Beng Mealea History
Beng Mealea is a spectacular sight to behold, Beng Mealea, located about 68km northeast of Siem Reap, is one of the most mysterious temples at Angkor, as nature has well and truly run riot. Built to the same floorplan as Angkor Wat, exploring this titanic of temples is Angkor’s ultimate Indiana Jones experience. Built in the 12th century under Suryavarman II, Beng Mealea is enclosed by a massive moat measuring 1.2km by 900m. The temple used to be utterly consumed by jungle, but some of the dense foliage has been cut back and cleaned up in recent years. Entering from the south, visitors wend their way over piles of finely chiselled sandstone blocks, through long, dark chambers and between hanging vines. The central tower has completely collapsed, but hidden away among the rubble and foliage are several impressive carvings, as well as a well-preserved library in the northeastern quadrant. The temple is a special place and it is worth taking the time to explore it thoroughly – Apsara caretakers can show you where rock-hopping and climbing is permitted. The large wooden walkway to and around the centre was originally constructed for the filming of Jean-Jacques Annaud’s Two Brothers (2004), set in 1920s French Indochina and starring two tiger cubs. The filming included 20 tigers of all ages for continuity throughout the story. There are several very basic, unmarked family homestays a few hundred metres behind the restaurants opposite the temple entrance. The best restaurant is Romduol Angkor II , a sister restaurant to the Romduol Angkor near Sra Srang. Wholesome Cambodian food is on offer, plus ice-cold drinks.It costs US$5 to visit Beng Mealea and there are additional small charges for transport, so make sure you work out in advance with the driver or guide who is paying for these. Beng Mealea is about 40km east of Bayon (as the crow flies) and 6.5km southeast of Phnom Kulen. By road it is about 68km (one hour by car, longer by moto or remork-moto ) from Siem Reap. The shortest route is via the junction town of Dam Dek, located on NH6 about 37km from Siem Reap in the direction of Phnom Penh. Turn north immediately after the market and continue on this road for 31km. The entrance to the temple lies just beyond the left-hand turn to Koh Ker. Allow a half day to visit, including the journey time from Siem Reap or combine it with Koh Ker in a long day trip best undertaken by car or 4WD.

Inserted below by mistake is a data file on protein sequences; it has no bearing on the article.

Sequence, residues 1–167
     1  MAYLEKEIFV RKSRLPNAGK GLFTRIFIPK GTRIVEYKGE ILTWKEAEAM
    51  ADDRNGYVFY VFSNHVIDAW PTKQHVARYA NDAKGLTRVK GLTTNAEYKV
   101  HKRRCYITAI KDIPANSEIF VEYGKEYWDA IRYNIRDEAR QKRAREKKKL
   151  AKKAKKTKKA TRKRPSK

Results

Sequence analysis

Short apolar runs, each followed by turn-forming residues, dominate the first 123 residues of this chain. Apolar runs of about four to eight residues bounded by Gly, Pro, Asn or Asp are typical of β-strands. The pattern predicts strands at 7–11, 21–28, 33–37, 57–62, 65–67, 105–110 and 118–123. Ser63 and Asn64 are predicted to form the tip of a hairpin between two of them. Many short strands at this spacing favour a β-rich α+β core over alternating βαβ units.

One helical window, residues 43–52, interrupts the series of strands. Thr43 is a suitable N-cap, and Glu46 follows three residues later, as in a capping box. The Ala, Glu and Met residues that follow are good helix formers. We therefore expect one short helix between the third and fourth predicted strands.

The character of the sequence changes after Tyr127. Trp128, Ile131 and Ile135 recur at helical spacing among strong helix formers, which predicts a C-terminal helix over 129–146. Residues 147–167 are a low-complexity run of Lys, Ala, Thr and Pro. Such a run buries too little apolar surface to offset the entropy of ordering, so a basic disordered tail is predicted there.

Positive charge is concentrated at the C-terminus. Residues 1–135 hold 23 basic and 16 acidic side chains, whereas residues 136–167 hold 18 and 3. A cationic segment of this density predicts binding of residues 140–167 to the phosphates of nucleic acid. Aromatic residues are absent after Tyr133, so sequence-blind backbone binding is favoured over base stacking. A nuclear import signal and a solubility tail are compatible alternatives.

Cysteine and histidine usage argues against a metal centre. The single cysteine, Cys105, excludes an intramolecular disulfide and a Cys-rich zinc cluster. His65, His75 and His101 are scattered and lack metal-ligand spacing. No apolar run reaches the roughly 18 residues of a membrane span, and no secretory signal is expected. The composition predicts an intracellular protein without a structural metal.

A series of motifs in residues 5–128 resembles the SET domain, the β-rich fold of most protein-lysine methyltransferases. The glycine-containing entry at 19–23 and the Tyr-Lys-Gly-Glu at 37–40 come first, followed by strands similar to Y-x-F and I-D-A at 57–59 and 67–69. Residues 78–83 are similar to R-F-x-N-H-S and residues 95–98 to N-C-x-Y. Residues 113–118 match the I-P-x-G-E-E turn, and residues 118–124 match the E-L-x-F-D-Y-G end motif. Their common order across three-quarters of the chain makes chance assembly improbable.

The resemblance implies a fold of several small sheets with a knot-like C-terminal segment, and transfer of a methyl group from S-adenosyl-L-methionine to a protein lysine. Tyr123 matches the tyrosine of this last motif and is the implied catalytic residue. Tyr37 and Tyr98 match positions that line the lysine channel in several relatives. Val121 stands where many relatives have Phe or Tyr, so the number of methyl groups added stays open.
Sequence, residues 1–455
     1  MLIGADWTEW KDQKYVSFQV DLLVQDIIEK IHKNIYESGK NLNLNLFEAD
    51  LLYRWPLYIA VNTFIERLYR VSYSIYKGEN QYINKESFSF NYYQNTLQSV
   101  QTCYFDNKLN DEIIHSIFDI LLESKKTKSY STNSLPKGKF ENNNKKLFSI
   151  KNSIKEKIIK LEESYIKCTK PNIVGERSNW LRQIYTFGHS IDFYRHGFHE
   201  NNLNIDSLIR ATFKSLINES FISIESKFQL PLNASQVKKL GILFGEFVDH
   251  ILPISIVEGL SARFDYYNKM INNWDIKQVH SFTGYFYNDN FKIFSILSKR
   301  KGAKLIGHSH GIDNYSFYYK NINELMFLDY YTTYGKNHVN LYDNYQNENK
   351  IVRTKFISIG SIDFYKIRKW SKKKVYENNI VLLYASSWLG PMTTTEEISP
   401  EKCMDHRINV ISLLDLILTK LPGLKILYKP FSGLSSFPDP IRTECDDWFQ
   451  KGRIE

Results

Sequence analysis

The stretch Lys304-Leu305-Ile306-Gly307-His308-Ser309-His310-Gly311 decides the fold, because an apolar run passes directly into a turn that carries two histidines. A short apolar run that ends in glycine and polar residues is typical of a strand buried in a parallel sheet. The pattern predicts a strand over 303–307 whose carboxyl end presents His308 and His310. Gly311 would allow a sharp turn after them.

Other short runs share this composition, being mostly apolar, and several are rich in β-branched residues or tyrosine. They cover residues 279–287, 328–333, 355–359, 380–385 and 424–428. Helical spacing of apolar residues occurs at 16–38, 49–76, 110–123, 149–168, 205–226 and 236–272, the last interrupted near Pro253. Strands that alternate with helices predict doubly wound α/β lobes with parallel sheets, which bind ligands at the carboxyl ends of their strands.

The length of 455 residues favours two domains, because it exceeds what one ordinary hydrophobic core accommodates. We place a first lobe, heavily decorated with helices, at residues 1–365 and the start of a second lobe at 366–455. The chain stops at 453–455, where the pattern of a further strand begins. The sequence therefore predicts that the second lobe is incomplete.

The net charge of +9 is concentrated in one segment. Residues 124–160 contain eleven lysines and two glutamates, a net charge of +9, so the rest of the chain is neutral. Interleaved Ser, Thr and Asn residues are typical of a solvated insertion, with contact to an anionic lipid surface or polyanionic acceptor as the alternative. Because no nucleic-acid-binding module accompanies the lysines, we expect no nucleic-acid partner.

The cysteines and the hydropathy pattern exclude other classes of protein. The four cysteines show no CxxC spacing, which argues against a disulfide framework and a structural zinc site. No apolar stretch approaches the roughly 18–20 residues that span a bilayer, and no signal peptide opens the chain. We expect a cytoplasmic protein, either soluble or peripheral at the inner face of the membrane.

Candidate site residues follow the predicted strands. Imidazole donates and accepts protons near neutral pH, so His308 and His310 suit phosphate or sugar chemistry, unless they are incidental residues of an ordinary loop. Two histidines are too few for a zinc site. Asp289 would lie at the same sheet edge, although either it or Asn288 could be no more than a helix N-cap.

Beng Mealea is at the centre of an ancient Angkorian road connecting Angkor Thom and Preah Khan in Preah Vihear Province, now evocatively numbered route 66. A small Angkorian bridge just west of Chau Srei Vibol temple is the only remaining trace of the old Angkorian road between Beng Mealea and Angkor Thom; between Beng Mealea and Preah Khan there are at least 10 bridges abandoned in the forest. This is a way for extreme adventurers to get to Preah Khan temple, but do not undertake this journey lightly.